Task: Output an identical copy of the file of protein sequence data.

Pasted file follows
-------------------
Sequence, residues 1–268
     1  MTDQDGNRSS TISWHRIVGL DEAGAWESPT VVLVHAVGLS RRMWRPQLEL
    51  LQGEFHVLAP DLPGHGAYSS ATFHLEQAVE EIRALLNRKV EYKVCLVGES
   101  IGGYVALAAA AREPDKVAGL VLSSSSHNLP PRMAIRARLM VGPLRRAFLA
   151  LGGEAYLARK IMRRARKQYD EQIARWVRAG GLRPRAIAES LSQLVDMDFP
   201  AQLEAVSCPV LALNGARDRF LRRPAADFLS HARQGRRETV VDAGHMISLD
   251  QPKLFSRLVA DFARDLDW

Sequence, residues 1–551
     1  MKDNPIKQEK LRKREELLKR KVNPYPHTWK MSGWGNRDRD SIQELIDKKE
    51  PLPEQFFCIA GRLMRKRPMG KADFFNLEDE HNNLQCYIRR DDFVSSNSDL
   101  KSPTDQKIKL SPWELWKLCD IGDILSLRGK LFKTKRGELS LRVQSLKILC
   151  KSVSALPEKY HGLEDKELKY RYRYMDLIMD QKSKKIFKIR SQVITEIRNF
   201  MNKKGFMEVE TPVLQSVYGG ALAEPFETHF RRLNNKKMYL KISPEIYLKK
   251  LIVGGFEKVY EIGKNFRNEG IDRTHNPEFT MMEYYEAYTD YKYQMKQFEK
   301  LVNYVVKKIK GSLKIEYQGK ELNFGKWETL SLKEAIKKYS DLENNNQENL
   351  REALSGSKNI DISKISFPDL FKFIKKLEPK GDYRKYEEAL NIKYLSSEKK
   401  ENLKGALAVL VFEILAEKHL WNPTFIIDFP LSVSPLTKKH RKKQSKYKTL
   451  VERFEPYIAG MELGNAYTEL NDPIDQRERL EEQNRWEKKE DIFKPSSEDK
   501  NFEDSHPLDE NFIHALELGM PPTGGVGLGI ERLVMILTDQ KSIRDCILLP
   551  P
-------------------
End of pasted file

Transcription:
Sequence, residues 1–268
     1  MTDQDGNRSS TISWHRIVGL DEAGAWESPT VVLVHAVGLS RRMWRPQLEL
    51  LQGEFHVLAP DLPGHGAYSS ATFHLEQAVE EIRALLNRKV EYKVCLVGES
   101  IGGYVALAAA AREPDKVAGL VLSSSSHNLP PRMAIRARLM VGPLRRAFLA
   151  LGGEAYLARK IMRRARKQYD EQIARWVRAG GLRPRAIAES LSQLVDMDFP
   201  AQLEAVSCPV LALNGARDRF LRRPAADFLS HARQGRRETV VDAGHMISLD
   251  QPKLFSRLVA DFARDLDW

Sequence, residues 1–551
     1  MKDNPIKQEK LRKREELLKR KVNPYPHTWK MSGWGNRDRD SIQELIDKKE
    51  PLPEQFFCIA GRLMRKRPMG KADFFNLEDE HNNLQCYIRR DDFVSSNSDL
   101  KSPTDQKIKL SPWELWKLCD IGDILSLRGK LFKTKRGELS LRVQSLKILC
   151  KSVSALPEKY HGLEDKELKY RYRYMDLIMD QKSKKIFKIR SQVITEIRNF
   201  MNKKGFMEVE TPVLQSVYGG ALAEPFETHF RRLNNKKMYL KISPEIYLKK
   251  LIVGGFEKVY EIGKNFRNEG IDRTHNPEFT MMEYYEAYTD YKYQMKQFEK
   301  LVNYVVKKIK GSLKIEYQGK ELNFGKWETL SLKEAIKKYS DLENNNQENL
   351  REALSGSKNI DISKISFPDL FKFIKKLEPK GDYRKYEEAL NIKYLSSEKK
   401  ENLKGALAVL VFEILAEKHL WNPTFIIDFP LSVSPLTKKH RKKQSKYKTL
   451  VERFEPYIAG MELGNAYTEL NDPIDQRERL EEQNRWEKKE DIFKPSSEDK
   501  NFEDSHPLDE NFIHALELGM PPTGGVGLGI ERLVMILTDQ KSIRDCILLP
   551  P